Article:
•Kenya's economy is projected to grow by an average five per cent (5%) this year, as global and domestic shocks continue to impact on economies.
•It is expected to pick to 5.3 per cent next year even as the country lags behind its East African peers of Tanzania and Uganda, which have stronger forecasts.
The global economy’s “speed limit”—the maximum long-term rate at which it can grow without sparking inflation—is set to slump to a three-decade low by 2030, World Bank now says.
An ambitious policy push is needed to boost productivity and the labor supply, ramp up investment and trade, and harness the potential of the services sector, a new report shows.
The report, Falling Long-Term Growth Prospects: Trends, Expectations, and Policies, offers the first comprehensive assessment of long-term potential output growth rates in the aftermath of the Covid-19 pandemic and the Russian invasion of Ukraine.
These rates can be thought of as the global economy’s “speed limit”, the global lender indicates.
The report documents a worrisome trend: nearly all the economic forces that powered progress and prosperity over the last three decades are fading.
As a result, between 2022 and 2030 average global potential GDP growth is expected to decline by roughly a third from the rate that prevailed in the first decade of this century—to 2.2 per cent a year.
For developing economies, the decline will be equally steep: from six per cent a year between 2000 and 2010, to four per cent a year over the remainder of this decade.
These declines would be much steeper in the event of a global financial crisis or a recession.
“A lost decade could be in the making for the global economy,” said Indermit Gill, the World Bank’s Chief Economist and Senior Vice President for Development Economics.
According to Gill, the ongoing decline in potential growth has serious implications for the world’s ability to tackle the expanding array of challenges unique to current times—stubborn poverty, diverging incomes, and climate change.
"But this decline is reversible. The global economy’s speed limit can be raised—through policies that incentivize work, increase productivity, and accelerate investment,” Gill said on Monday.
World Bank had earlier revised downwards Kenya's growth prospects for 2023, projecting an average five per cent (5%) growth, on the back of the global and domestic shocks.
It is however expected to pick up to 5.3 per cent next year even as the country lags behind its East African peers of Tanzania and Uganda, which have stronger forecasts.
Tanzania’s economy is expected to grow by 5.3 per cent this year and 6.1 per cent next year, while Uganda has a similar projection with Kenya of five per cent this year, but a stronger forecast of 6.1 per cent in 2024.
The projections, captured in the World Bank January 2023-Global Economic Prospects Report, is a downward revision from an earlier stronger forecast of 5.2 per cent for Kenya this year.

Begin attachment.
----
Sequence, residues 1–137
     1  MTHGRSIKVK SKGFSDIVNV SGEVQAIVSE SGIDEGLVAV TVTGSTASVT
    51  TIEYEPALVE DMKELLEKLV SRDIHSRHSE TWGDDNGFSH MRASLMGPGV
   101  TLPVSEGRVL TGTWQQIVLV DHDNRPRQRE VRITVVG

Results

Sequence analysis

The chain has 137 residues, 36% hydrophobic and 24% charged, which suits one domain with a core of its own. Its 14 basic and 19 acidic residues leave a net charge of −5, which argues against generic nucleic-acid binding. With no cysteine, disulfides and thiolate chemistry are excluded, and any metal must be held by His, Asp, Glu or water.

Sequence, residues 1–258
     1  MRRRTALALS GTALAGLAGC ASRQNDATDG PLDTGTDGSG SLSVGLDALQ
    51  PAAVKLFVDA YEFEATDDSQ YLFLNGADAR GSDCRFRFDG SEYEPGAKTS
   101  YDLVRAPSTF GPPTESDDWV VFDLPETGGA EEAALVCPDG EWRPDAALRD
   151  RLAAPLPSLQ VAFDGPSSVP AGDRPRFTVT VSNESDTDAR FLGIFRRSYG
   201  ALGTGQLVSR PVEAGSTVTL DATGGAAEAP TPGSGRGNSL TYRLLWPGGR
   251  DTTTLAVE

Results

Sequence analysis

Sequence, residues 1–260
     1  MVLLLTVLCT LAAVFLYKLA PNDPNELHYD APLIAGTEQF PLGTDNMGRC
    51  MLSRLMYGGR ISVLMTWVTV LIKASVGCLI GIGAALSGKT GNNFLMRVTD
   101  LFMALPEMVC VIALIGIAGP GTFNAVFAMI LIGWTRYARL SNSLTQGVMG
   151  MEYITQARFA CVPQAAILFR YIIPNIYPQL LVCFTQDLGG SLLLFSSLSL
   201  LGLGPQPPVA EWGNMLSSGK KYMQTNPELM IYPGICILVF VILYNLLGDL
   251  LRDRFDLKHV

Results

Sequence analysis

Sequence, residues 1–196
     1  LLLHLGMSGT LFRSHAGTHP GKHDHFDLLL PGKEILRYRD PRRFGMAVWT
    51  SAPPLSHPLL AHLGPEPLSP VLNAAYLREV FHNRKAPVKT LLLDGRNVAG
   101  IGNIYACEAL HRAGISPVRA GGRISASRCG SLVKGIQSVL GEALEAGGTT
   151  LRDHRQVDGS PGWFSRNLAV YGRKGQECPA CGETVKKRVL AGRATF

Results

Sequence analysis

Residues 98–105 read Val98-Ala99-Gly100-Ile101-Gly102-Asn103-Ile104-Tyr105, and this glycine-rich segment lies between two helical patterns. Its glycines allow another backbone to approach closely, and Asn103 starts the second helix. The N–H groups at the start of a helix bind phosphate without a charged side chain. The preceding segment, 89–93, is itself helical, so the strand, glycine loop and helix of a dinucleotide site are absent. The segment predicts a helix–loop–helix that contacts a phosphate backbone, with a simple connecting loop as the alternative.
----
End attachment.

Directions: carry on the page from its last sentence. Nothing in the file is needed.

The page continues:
This comes amid an expected sharp drop in global growth to 1.7 per cent in 2023—the third weakest pace of growth in nearly three decades, overshadowed only by the global recessions caused by the pandemic in 2020 and the global financial crisis in 2009.
World Bank however notes potential GDP growth can be boosted by as much as 0.7 percentage points—to an annual average rate of 2.9%—if countries adopt sustainable, growth-oriented policies.
That would convert an expected slowdown into an acceleration of global potential GDP growth.
“We owe it to future generations to formulate policies that can deliver robust, sustainable, and inclusive growth,” said Ayhan Kose, a lead author of the report and Director of the World Bank’s Prospects Group.
“A bold and collective policy push must be made now to rejuvenate growth. At the national level, each developing economy will need to repeat its best 10-year record across a range of policies. At the international level, the policy response requires stronger global cooperation and a reenergized push to mobilise private capital,” Kose added.
The report lays out an extensive menu of achievable policy options, breaking new ground in several areas.
It introduces the world’s first comprehensive public database of multiple measures of potential GDP growth—covering 173 economies from 1981 through 2021.
It is also the first to assess how a range of short-term economic disruptions—such as recessions and systemic banking crises—reduce potential growth over the medium term.
“Recessions tend to lower potential growth,” said Franziska Ohnsorge, a lead author of the report and Manager of the World Bank’s Prospects Group, “Systemic banking crises do greater immediate harm than recessions, but their impact tends to ease over time.”
The report highlights specific policy actions at the national level that can make an important difference in promoting long-term growth prospects.
They include aligning monetary, fiscal, and financial frameworks where it says robust macroeconomic and financial policy frameworks can moderate the ups and downs of business cycles.
With this, policymakers should prioritize taming inflation, ensuring financial-sector stability, reducing debt, and restoring fiscal prudence.
Others are ramping up investment, cutting trade costs, capitalising on services, and increasing labor force participation.
"About half of the expected slowdown in potential GDP growth through 2030 will be attributable to changing demographics—including a shrinking working-age population and declining labor force participation as societies age," World Bank notes.